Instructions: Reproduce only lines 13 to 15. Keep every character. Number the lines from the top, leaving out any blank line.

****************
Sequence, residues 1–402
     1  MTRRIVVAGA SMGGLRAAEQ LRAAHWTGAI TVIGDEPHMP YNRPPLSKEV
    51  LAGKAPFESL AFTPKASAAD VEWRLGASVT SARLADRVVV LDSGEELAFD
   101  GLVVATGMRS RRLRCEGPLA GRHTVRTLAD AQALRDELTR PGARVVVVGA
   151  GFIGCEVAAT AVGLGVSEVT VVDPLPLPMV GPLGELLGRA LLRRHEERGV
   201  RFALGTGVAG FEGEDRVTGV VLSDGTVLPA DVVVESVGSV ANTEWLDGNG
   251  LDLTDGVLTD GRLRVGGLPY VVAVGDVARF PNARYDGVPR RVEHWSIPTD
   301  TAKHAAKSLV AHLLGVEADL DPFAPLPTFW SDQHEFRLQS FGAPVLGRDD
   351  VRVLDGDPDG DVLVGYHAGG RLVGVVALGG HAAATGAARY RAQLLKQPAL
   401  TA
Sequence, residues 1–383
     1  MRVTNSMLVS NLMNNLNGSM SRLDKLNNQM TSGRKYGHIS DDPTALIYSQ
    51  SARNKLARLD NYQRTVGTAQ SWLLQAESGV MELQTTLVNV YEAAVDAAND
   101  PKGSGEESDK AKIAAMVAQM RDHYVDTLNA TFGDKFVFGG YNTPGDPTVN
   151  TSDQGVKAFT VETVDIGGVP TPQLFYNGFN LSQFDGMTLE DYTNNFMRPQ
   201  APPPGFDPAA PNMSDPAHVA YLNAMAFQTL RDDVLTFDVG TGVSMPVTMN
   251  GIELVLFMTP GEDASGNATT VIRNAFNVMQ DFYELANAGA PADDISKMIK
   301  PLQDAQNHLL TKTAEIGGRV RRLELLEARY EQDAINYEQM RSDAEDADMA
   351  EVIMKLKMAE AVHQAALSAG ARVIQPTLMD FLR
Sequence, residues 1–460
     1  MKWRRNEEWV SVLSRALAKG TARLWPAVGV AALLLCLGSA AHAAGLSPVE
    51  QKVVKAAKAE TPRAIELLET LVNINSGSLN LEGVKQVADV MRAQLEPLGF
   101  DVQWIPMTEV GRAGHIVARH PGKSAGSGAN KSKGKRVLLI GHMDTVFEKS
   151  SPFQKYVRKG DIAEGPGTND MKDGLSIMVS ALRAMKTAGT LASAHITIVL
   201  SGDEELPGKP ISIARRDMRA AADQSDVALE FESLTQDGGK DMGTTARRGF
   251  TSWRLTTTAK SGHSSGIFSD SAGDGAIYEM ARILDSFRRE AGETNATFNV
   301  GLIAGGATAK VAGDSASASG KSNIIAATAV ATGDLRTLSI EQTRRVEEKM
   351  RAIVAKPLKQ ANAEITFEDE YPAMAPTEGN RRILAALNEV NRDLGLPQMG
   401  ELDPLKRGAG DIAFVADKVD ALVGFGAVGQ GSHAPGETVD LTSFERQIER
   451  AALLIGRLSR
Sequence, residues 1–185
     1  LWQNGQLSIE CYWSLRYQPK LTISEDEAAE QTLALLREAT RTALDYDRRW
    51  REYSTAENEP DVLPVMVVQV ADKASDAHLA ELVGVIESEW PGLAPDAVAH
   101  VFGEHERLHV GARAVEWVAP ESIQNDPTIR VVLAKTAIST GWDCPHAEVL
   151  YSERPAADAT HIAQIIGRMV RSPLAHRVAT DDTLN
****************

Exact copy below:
    51  SARNKLARLD NYQRTVGTAQ SWLLQAESGV MELQTTLVNV YEAAVDAAND
   101  PKGSGEESDK AKIAAMVAQM RDHYVDTLNA TFGDKFVFGG YNTPGDPTVN
   151  TSDQGVKAFT VETVDIGGVP TPQLFYNGFN LSQFDGMTLE DYTNNFMRPQ